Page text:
This makes memories very unreliable source for understanding reality, an unreliability which we should take into account when we want to make any conclusion based on memories. Our stance as humans, however, is not like this as some, many, of these images are clearly embedded into our minds.
It is said that the definition of insanity is doing the same thing over and over and expecting a different results - this saying clearly embodies one of if main (if not the main) postulates of all human societies - in just a few words, it describes both the function that all people have in a society (making the world behave uniformally for everyone) and what to do with the people who refuse to take part in that task (label them as “insane” i.e. abolish them from it).
In reality, this principle is not quite true. Let’s take an example - let’s say that I experience something that brings me positive emotions. According to this principle, I would associate the emotions with the thing (or more precisely with its appearance) and I would strive to do that same thing over and over again in order to get the same result i.e. I’d think that “More is better”, but there are many occasions in which it is not actually true, for example, consuming more food is not always better.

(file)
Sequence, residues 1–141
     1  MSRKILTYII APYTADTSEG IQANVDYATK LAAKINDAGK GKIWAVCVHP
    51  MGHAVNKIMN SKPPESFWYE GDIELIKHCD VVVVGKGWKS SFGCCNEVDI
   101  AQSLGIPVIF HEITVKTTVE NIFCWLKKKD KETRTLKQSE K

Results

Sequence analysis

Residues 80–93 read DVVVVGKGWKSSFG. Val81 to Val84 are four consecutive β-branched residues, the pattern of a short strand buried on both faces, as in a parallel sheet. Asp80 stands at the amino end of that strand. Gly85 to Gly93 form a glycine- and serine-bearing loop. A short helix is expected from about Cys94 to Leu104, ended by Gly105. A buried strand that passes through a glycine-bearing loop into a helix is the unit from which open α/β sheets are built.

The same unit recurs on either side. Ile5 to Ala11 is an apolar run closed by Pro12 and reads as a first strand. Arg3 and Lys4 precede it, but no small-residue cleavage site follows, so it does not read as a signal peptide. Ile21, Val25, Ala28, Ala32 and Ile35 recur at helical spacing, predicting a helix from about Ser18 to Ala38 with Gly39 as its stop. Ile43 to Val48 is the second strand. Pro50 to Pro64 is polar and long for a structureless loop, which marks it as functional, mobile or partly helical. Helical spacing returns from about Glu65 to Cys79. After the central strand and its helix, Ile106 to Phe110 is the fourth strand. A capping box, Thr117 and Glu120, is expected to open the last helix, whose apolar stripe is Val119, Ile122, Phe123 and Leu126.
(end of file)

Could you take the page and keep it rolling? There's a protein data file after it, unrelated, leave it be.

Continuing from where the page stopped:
Someone would say that the example is stupid and that anyone in their right mind would know when they should stop eating. I’d argue that the reality of it is that most of us don’t know (or we know in theory but not in practice), so we eat too much too often and we get fat. So even this stupid and elementary falacy is something that we have issues grasping, and is, I think, enough to show my point - the thought that “more is better” is an inherent defect of the causality law and in the way we perceive the world, which cannot in any way be removed.
I’d argue that
Nassim Taleb often deals with the humans inability to see and account for uncertainty.
Marshal McLuhan talks a lot about the cultural aspect of our worldview in the book “Understanding media…”